Start with a simple phrase. Take the phrase and think of five ways to say it differently.

Eventually something may jump out at you. When you start thinking, "Why didn't I think of that the first time?" The, you'll know you're getting in the ballpark.

Another thing you might try is taking something someone else said and rephrasing it.

Write about an object. Perhaps a rock. What would a "rock's" perspective of life sound like? Why? Because metaphor and allegory can strengthen what you say.

"Hi there, I'm your mirror; please excuse my crack...but I can see your frame of mind from the front and from the back."

I've only taught a few people guitar. The worst way to teach someone guitar is to buy them a cheap guitar that's hard to play and throw twenty books at them. The easiest way is to get them a decent sounding, easy playing guitar, and show them one song.

Why? Because it gets overwhelming if you make playing the guitar seem like rocket science, people tend to think, "Oh leave this to the experts, I can nver do that." If they can see that they can do it right away, then adding on to their knowledge- one brick at a time, is easy. Try writing one good sentence, then another. See what happens.

One of the problems with people who are over-taught, is that they tend to think with their left brain. They think formula. "Oh, it has to go like this. It has to be done so-and-so." I found song writing easy. People would say, "Can you teach me to write a song?" When I tried, I realized their problem wasn't that they didn't know enough, it was almost always trying to do too much.

I'd make them take one chord, and a few notes and see what they could come up with. If you give the right person five notes, they can do some incredible things. It forces them to think out of the box, and creativity becomes easier.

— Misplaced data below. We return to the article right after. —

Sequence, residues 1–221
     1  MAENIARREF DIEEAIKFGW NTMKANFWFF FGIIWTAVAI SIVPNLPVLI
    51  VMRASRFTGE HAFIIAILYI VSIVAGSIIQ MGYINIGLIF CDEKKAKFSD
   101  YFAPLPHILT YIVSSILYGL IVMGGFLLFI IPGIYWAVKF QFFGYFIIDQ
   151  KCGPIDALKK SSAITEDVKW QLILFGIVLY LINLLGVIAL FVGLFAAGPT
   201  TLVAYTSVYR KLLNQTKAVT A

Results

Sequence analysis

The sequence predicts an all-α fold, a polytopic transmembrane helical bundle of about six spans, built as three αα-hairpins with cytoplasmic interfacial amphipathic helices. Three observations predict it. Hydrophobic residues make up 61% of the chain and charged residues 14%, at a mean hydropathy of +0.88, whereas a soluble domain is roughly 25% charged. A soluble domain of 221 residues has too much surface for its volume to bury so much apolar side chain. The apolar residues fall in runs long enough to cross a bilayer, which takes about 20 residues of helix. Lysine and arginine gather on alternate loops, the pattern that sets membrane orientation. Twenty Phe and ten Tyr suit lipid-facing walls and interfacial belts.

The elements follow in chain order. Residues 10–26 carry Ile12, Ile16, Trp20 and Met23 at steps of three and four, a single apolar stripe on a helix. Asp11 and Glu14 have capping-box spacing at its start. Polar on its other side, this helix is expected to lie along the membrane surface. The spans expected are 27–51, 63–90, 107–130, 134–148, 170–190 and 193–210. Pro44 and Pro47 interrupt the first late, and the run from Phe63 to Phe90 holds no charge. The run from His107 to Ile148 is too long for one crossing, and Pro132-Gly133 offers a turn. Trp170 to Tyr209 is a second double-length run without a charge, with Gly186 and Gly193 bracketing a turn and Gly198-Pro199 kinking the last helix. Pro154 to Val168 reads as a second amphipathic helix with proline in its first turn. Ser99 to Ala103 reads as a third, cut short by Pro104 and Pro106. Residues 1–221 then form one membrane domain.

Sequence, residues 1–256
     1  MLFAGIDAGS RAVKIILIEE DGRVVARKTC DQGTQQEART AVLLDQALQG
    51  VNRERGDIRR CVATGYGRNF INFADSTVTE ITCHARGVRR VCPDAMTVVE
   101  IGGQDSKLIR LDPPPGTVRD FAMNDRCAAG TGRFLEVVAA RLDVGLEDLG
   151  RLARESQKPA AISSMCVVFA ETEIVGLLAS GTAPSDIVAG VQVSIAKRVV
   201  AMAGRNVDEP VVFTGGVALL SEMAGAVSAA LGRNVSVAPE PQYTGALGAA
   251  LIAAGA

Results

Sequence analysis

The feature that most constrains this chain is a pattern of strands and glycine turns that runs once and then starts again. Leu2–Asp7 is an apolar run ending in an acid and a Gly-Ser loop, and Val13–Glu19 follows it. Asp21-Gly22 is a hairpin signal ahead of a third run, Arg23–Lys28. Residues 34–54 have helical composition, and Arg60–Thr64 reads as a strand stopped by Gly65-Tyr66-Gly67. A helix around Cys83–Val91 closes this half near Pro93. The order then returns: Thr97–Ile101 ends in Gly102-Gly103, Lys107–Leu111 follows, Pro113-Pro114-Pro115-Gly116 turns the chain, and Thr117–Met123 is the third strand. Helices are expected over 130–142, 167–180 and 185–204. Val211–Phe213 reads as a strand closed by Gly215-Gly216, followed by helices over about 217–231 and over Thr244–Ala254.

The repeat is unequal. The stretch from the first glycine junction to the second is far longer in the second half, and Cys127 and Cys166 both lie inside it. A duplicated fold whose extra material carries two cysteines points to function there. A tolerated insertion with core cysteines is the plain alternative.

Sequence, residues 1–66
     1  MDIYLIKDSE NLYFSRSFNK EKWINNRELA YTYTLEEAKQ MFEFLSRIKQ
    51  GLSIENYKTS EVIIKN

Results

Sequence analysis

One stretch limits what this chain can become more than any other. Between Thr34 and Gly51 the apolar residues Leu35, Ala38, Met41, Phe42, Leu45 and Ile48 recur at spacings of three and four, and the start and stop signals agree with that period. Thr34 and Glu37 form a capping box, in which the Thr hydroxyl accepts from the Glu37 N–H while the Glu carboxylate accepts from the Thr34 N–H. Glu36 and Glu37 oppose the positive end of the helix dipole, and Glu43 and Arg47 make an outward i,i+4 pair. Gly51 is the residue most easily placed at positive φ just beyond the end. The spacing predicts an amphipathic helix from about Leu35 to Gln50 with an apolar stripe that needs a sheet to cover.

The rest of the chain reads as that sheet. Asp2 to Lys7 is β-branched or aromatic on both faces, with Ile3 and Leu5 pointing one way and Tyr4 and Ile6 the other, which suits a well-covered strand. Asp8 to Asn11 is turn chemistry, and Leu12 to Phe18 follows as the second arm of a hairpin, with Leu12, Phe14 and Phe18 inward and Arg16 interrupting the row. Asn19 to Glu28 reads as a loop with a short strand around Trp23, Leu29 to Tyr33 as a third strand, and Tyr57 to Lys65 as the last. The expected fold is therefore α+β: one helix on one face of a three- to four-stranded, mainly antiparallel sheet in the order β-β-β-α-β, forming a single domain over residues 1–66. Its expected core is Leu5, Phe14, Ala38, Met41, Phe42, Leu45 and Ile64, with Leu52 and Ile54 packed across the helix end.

Here's a fun game. Take any sentence I've written in the last paragraph. Scramble the words, and make a meaningful sentence with it.

Have fun!

Nate

Ultra
05-11-2006, 01:34 AM
Who's contemporary work do you recomend? There are so many contemporary poets out there.
I hear that, man! There's so much stuff to choose from that it's hard to know where to start. But luckily, you're in great shape, because you're starting with a great impetus-- the sonic qualities of words.

Here are a few suggestions, which may or may not be useful. But they're indicative of my tastes.

Since you're reading about Donne, I wonder if you'll enjoy poets who have a heavy sense of conceit. One of my favorite contemporary poets to read in this vein is William Matthews. He passed away a few years back and there's a pretty good selected volume, but his book Time & Money is a nice single-volume look at the titular subjects. You'll definitely see the influence Donne has on him in terms of structure, even though he's very modern.

I think one of the smartest poets around is Tony Hoagland. His book Donkey Gospel is the kind of embittered, hopeful memoir that a lot of people aspire to but very few do well. The language is very accessible (same with Matthews), Hoagland likes to tell a story with his poems, and there are moments when you'll laugh out loud or heave a sigh of relief. He's very in touch with the expectations of being a modern man.

I hope those suggestions are helpful, but don't get discouraged if you try either and don't like it. Everyone's tastes vary so much, it sometimes takes a while to figure out what's your cup of tea. But you'll get there.

tony1
05-11-2006, 11:32 PM
I feel a sense of releif, a burden has been lifted off of my shoulders. You guy's and the answers you give are great. now I Don't fill so overwhelmed, I feel I have a place to turn. I must admit, I was starting to get some anxiety, simply because I passed up the chance to study poetry when I was younger, and then all of a sudden I've taken a great interest in it. I get a joy from reading poetry, but there was a voice in the back of my mind saying," You should know this by now, how come you didn't like it when it presented itself the first time?" But,now I know there is a place where I can get an answer I can understand, its kind of hard trying to get a simple answer from a book, all the time. Thanks a million